The earliest toy trains were made from lead and had no moving parts. Some had wheels which flipped, but these had to be pulled or pushed. A few of the early 19th-century drive toy trains were made of tinplate, such as the large, durable, stylized locomotive toys from the U.S., which were painted gold and red and decorated with hearts and flowers. model trains amsterdam
Around 1875, technological improvements in materials and manufacturing allowed tin to be stamped, cut, wrapped, and lithographed faster than ever before.
Toy trains were altered when Märklina German firm which specialized in doll house accessories, sought to make an equivalent toy for boys where a continuous revenue stream could be guaranteed by selling add-on accessories for decades after the first purchase. In addition to boxed sets comprising a train and monitor, Märklin offered additional track, rolling stock, and buildings offered separately, creating the predecessor to the modern model train layout featuring buildings and scenery in addition to a working train.
Electric trains followed, with the first appearing in 1897, made from the U.S. firm Carlisle & Finch. As residential use of electricity became more prevalent in the early 20th century, electrical trains gained popularity and as time moved on, these electrical trains grew in sophistication, gaining lighting, the ability to change direction, to emit a whistling sound, to smoke, to remotely couple and uncouple cars as well as load and unload cargo. Toy trains by the first half of the 20th century were frequently made of lithographed tin; afterwards trains were often made mainly of plastic.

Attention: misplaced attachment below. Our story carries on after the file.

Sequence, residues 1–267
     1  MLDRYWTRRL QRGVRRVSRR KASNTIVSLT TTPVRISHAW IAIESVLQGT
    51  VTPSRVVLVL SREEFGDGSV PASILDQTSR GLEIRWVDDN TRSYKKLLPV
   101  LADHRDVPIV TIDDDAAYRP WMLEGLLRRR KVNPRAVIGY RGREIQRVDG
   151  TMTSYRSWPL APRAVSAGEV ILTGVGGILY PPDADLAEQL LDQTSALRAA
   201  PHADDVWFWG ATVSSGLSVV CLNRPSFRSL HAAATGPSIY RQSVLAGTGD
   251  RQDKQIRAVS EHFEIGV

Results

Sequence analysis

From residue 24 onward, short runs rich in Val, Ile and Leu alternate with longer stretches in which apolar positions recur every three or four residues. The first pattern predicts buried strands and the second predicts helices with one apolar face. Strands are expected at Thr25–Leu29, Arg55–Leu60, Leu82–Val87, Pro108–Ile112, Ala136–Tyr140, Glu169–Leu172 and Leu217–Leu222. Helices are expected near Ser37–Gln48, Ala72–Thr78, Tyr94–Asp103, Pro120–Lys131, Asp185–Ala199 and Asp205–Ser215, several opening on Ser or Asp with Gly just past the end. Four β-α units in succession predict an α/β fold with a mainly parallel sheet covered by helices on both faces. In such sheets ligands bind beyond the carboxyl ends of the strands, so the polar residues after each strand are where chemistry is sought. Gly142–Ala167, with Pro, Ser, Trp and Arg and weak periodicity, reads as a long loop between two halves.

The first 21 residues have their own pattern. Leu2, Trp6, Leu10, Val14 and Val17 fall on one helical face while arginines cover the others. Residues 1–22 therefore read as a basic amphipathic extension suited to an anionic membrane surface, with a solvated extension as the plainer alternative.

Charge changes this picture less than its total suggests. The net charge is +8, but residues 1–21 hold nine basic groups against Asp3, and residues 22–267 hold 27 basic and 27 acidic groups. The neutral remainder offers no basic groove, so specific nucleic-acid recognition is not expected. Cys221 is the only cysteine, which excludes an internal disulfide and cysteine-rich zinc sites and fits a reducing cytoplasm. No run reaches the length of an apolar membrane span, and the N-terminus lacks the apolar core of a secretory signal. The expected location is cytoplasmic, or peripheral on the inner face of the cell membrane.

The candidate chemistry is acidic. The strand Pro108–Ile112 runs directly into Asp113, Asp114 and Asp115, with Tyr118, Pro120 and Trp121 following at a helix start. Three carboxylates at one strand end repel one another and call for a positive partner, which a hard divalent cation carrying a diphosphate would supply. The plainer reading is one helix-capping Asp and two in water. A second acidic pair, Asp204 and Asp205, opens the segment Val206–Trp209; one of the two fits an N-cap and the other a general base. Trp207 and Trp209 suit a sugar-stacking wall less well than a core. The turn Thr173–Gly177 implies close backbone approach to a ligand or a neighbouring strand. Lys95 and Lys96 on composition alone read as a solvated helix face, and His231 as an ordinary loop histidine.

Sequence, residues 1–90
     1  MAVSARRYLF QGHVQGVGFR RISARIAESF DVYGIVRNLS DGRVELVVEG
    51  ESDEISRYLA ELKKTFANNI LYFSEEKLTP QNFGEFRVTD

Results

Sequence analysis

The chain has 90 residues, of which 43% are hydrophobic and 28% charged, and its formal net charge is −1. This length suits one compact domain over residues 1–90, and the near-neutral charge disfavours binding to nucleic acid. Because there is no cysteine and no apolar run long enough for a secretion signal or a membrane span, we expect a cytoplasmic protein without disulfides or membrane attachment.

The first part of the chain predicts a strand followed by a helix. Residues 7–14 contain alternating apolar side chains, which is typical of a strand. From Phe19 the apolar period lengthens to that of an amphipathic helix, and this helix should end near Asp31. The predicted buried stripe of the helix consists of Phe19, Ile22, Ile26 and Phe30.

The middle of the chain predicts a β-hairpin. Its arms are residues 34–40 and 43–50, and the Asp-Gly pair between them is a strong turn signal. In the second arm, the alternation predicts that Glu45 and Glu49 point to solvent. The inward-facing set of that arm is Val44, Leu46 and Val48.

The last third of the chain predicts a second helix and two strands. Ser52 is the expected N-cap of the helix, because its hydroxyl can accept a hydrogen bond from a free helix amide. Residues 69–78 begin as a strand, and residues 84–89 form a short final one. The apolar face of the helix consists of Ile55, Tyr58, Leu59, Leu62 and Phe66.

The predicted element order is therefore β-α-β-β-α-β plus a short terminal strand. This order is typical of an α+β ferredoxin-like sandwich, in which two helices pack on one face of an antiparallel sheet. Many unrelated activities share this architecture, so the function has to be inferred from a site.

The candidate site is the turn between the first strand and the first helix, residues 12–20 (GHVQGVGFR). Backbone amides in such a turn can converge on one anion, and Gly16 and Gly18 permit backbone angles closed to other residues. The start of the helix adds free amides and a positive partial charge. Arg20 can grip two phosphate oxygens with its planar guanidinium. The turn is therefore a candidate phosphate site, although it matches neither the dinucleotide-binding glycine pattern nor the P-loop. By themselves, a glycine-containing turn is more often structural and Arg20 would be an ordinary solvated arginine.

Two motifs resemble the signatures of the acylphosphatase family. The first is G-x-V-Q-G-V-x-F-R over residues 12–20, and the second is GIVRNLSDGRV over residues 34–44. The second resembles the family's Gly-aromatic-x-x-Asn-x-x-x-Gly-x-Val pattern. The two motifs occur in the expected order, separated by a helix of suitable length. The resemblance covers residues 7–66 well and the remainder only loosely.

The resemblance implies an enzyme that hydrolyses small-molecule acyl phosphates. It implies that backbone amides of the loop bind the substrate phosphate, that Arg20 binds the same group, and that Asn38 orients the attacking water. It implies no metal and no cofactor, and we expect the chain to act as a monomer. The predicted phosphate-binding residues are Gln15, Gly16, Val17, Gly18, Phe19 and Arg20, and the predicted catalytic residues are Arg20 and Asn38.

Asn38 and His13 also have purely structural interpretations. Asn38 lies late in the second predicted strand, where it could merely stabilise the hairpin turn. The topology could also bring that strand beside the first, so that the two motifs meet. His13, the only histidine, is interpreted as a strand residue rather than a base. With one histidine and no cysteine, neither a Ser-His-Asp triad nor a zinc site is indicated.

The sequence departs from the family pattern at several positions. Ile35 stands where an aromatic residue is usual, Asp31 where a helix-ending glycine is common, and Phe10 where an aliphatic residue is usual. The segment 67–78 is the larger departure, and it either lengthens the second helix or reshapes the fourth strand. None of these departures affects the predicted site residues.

Before the 1950s, there was little distinction between toy trains and model railroads–model railroads were toys by definition. Pull toys and wind-up trains were marketed towards kids, while electrical trains were marketed towards teens, especially teenaged boys. Consumer interest in trains as toys waned in the late 1950s, but has undergone resurgence since the late 1990s due in large part to the popularity of Thomas the Tank Engine.
Now, S gauge and O gauge railroads continue to be considered toy trains by their own adherents and are often accessorized with semi-scale model buildings by Plasticville or even K-Line (who owns the rights to the Plasticville-like buildings produced by Marx in the 1950s into the 1970s). However, as a result of their high price, one is more inclined to find an HO scale or N scale train set in a toy shop than a O scale collection.
Many modern electrical toy trains comprise sophisticated electronics which emit digitized sound effects and allow the operator to safely and easily run several remote control trains on a single loop of course. In the last few years, many toy train operators may operate a train using a TV camera in the front of the engine and hooked up to a display, such as computer monitor. This will show a picture, like that of a genuine (smaller size) railroad)
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